DC, July 12, 2004 (ENS): To minimize the spread
of mad cow disease and its human counterpart variant
Creutzfeld-Jacob disease, the U.S. Food and Drug Administration
(FDA) has announced an interim final rule to take effect
on Wednesday prohibiting the use of certain cattle parts
in human foods, dietary supplements, and cosmetics.
But the U.S. Agriculture Department (USDA) is postponing
actions announced last January to keep animal feed free
of materials that could cause mad cow disease, a fatal
brain wasting illness, formally known as bovine spongiform
encephalopathy (BSE). The agency is seeking public comments
before it moves ahead with the actions regulating animal
more information on how to comment on the
proposed feed regulations visit the Action
In human foods, the FDA's interim final rule prohibits
the use of cattle-derived materials that can carry the
BSE infectious agent. These high-risk materials include
the brain, skull, eyes, and spinal cord of cattle 30
months of age or older, and a portion of the small intestine
and tonsils from all cattle, regardless of their age.
Prohibited high risk bovine materials in human food
also include material from non-ambulatory disabled cattle,
the small intestine of all cattle, material from cattle
not inspected and passed for human consumption, and
mechanically separated beef.
This action is consistent with the recent interim final
rule issued by USDA declaring these materials to be
unfit for human food and prohibiting their use as human
Mad cow disease is transmitted when materials from
infected cattle are made into cattle feed and fed to
healthy animals. The composition of animal feed is under
scrutiny as U.S. officials try to create public confidence
in the U.S. beef supply after a Washington cow was found
infected with BSE last December.
In 1997, the FDA prohibited the feeding of most mammalian
protein to cattle and other ruminant animals. USDA implemented
additional measures in January to ensure that no cattle
tissues known to be high risk for carrying the BSE agent
are included in USDA regulated products.
On Friday, the Agriculture Department and the FDA announced
an advance notice of proposed rulemaking to seek public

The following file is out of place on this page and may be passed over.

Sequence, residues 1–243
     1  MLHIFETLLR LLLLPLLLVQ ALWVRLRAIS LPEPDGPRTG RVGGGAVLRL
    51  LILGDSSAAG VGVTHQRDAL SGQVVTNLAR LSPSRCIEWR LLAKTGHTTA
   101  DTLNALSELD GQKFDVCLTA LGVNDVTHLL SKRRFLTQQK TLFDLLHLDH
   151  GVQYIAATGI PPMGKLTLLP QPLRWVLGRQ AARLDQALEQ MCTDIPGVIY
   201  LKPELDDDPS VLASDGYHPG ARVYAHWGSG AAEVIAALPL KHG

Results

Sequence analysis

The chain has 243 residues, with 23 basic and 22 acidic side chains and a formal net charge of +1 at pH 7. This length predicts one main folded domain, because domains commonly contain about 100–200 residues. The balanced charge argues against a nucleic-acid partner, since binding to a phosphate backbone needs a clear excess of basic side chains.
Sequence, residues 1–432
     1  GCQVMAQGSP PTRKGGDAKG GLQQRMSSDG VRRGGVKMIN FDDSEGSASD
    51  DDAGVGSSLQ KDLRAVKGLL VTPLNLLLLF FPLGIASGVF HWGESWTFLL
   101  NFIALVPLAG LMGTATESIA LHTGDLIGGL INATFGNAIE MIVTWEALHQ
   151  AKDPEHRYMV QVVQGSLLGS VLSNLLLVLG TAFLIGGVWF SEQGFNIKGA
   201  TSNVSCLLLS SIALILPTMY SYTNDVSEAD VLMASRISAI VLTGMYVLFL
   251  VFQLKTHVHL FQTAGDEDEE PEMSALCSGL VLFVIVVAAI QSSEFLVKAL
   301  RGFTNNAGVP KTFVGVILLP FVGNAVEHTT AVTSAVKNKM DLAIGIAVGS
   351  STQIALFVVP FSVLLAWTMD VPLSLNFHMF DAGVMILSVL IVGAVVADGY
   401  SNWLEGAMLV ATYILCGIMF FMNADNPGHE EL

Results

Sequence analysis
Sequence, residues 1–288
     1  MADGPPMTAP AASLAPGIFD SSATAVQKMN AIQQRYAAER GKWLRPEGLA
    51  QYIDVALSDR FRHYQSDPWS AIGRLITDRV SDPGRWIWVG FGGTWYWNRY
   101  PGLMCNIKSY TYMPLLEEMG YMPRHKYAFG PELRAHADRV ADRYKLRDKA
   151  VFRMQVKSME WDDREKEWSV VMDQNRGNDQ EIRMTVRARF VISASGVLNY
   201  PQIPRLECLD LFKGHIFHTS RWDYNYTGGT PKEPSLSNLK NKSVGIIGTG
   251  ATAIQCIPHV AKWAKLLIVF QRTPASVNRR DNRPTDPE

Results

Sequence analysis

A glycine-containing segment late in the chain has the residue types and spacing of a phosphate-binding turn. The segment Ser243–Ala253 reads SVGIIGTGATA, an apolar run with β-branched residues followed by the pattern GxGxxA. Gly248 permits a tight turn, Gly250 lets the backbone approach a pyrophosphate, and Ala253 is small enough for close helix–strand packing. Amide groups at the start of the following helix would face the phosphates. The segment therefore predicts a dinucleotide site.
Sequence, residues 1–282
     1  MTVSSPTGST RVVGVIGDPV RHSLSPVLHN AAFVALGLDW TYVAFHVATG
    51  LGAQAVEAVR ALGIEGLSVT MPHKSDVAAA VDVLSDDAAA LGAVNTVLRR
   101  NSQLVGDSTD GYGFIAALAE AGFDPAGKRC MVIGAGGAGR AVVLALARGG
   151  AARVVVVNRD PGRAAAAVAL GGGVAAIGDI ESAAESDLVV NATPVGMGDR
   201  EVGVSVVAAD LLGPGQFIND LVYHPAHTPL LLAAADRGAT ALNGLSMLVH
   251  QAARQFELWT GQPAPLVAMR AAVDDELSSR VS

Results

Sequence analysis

- Mandating dedicated equipment or facilities for
handling and storing animal feed and ingredients to
prevent cross contamination
- Prohibiting the use of all mammalian and poultry
protein in ruminant feed
- Prohibiting materials from non-ambulatory cattle
and dead stock from use in all animal feed
- The details and circumstances of moving from a voluntary
to a mandatory animal identification plan
The timeline for any action on these advance notices
is a year or two down the line, the officials said Friday,
as they want to hear public comments before promulgating
a final rule.
But on January 26, Health and Human Services Secretary
Tommy Thompson announced an interim final rule that
- require equipment, facilities or production lines
to be dedicated to non-ruminant animal feeds if they
use protein that is prohibited in ruminant feed.
- eliminate the present exemption in the feed rule
that allows mammalian blood and blood products to
be fed to other ruminants as a protein source.
- ban the use of poultry litter as a feed ingredient
for ruminant animals. Poultry litter consists of bedding,
spilled feed, feathers, and fecal matter that are
collected from living quarters where poultry is raised.
This material is then used in cattle feed in some
areas of the country where cattle and large poultry
raising operations are located near each other.
The FDA says it has reached "a preliminary conclusion"
that it should propose to remove the risky materials
from all animal feed and is currently working on a proposal
to accomplish this goal. Public comments on these issues
raised in the advanced notice of proposed rulemaking
are due to the FDA next month.